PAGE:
by Tom Hess
Tired of playing bland, repetitive sweep picking arpeggios? Although there are many guitarists who can sweep pick, there are only a few who can use the technique to creatively express themselves. In this article, I will show you an exercise that will help you not only become a better sweep picker, but understand how to transform any arpeggio into an incredible lead guitar lick that demands attention.
To use sweep picking as a tool that will ‘enhance’ the expression, you MUST avoid the following: only thinking about speed while playing sweep picking arpeggios. Why should you avoid this? When you only (and always) try to play an arpeggio lick as fast as you can, you sacrifice the musical quality of the lick for speed. The result of this is a continual stream of the same notes being played over and over – making your sweep picking licks sound like boring ‘exercises’ instead of awesome phrases. To play inspiring sweep picking arpeggios that demand the attention of others, you must play with speed and precision while ALSO building up an overwhelming feeling of tension.
With this in mind, I am now going to show you an exercise that will help you change any arpeggio into a powerful tool for expressing intensity in your guitar licks. That said, you don’t have to be a master lead guitar player in order to use the idea I will be teaching you. Get started by checking out this sweep picking arpeggios video to get the maximum benefit from the exercise below (it will help you understand precisely what you are supposed to be doing):
… Did you watch the video already? If not, watch it now (you’ll be glad you did). If you did watch it, continue reading the steps in the exercise below.
1. Select any given three string arpeggio pattern that you are able to play accurately. Play this arpeggio 3-5 times.
2. Now think of the specific note names that build the arpeggio you just played. Ex: If you picked out a C minor arpeggio, this arpeggio is made of notes C, Eb and G.
3. After watching the demonstration in the video, you found out that you can build powerful intensity by inserting silence before the next note in an arpeggio. While watching the video to see how this is done, play the arpeggio you picked from step one several times. Then after you have repeated the pattern enough times, immediately mute all the strings after you play the highest pitch of the arpeggio.
4. In this step, you will simply be ‘waiting’ a few moments in order to insert silence into your lick and begin building musical tension. As you are doing this, find one of the notes from the arpeggio you picked that is higher in pitch than the note you ended on in the previous step. Ex: If you picked a C minor arpeggio and you ended your phrase on a ‘G’, find one of the other notes of the arpeggio (C, Eb or G) that are higher in pitch on the fretboard. Do not play this note yet.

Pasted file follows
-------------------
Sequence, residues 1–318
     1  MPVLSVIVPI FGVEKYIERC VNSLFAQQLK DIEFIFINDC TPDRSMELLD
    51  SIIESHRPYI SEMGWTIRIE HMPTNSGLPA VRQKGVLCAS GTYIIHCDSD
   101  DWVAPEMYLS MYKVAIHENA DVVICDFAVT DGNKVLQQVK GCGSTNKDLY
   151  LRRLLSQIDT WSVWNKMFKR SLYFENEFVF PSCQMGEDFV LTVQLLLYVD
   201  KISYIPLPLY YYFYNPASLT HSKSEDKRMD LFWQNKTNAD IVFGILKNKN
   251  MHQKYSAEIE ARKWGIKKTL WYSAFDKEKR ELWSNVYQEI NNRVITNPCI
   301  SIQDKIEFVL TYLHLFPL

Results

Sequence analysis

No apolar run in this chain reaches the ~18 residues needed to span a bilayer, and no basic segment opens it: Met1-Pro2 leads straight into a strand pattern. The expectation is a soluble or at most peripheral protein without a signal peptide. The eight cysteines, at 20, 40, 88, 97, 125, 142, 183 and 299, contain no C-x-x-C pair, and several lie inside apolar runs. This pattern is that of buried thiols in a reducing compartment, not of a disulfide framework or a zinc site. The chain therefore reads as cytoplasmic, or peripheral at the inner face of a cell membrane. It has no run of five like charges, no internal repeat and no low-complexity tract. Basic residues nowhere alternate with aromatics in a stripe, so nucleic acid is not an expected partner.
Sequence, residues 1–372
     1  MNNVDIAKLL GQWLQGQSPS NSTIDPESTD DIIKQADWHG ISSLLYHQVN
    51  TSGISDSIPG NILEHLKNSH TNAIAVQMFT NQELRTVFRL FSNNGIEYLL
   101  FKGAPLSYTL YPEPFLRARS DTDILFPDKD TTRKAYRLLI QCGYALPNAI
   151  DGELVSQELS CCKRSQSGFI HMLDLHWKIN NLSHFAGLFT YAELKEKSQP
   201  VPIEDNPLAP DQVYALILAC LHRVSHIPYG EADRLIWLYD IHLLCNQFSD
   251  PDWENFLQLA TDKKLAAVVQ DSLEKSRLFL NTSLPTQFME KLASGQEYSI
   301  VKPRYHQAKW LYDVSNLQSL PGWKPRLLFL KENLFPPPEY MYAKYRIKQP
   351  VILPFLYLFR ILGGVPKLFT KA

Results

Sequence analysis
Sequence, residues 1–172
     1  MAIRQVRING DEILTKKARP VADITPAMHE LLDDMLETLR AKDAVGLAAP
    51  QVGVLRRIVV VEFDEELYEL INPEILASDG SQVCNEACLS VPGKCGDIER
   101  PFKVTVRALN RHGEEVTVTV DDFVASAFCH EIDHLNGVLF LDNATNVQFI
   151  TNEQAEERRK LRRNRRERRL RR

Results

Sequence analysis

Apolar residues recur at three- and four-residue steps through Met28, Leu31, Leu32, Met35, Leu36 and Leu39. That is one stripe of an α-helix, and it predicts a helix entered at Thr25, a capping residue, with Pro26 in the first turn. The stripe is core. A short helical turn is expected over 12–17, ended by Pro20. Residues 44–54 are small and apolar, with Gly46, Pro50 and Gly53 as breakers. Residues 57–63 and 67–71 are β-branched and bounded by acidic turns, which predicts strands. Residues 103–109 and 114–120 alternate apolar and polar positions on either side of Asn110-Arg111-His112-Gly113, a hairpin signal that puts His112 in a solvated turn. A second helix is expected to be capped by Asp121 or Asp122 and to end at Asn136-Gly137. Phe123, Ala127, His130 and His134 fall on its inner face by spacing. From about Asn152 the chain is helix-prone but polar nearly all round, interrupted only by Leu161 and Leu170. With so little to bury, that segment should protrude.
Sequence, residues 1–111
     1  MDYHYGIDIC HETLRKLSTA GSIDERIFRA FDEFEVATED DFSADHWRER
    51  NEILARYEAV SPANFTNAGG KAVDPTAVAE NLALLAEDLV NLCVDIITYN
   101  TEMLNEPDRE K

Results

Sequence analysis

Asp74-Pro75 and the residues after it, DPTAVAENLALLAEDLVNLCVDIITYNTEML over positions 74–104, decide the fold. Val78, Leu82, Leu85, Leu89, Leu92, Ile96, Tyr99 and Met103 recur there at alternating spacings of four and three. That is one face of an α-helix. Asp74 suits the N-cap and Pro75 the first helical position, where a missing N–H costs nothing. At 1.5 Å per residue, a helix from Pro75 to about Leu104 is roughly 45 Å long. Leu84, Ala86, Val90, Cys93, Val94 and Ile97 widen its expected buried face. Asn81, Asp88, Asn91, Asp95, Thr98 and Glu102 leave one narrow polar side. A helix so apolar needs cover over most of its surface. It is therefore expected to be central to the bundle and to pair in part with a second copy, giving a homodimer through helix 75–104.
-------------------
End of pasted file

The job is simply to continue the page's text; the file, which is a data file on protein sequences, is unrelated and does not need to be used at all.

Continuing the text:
5. Next, play the note you selected from the previous step in order to release all the tension you built up. Finally, add incredible power to the entire phrase by using wide vibrato to accent this note. After doing this, you have successfully made a single variation of the sweep picking arpeggio pattern you began this exercise with.
6. Once you have completed steps one through five, you have created a new sweep picking lick (that is different from the original lick you started out with). Experiment with various new approaches by using the other phrasing ornamentations I demonstrated in the video above.
Do steps 1-6 with at least three different arpeggio patterns. After repeating this exercise several times, you will see a huge improvement in not only the overall intensity in your sweep picking arpeggios, but the quality of your lead guitar playing as well. Become a great lead guitar player by using the concepts in this free electric guitar licks video.
To improve your speed on guitar and have more creative freedom when applying your phrasing skills, study this free mini course on guitar speed development .
About The Author: Tom Hess is an online electric guitar teacher, recording artist and virtuoso guitarist. He trains guitar players from around the world how to reach their musical goals in his correspondence guitar lessons online. Visit his website tomhess.net to receive many free guitar playing resources, mini courses, guitar practice eBooks, and to read more articles about guitar playing.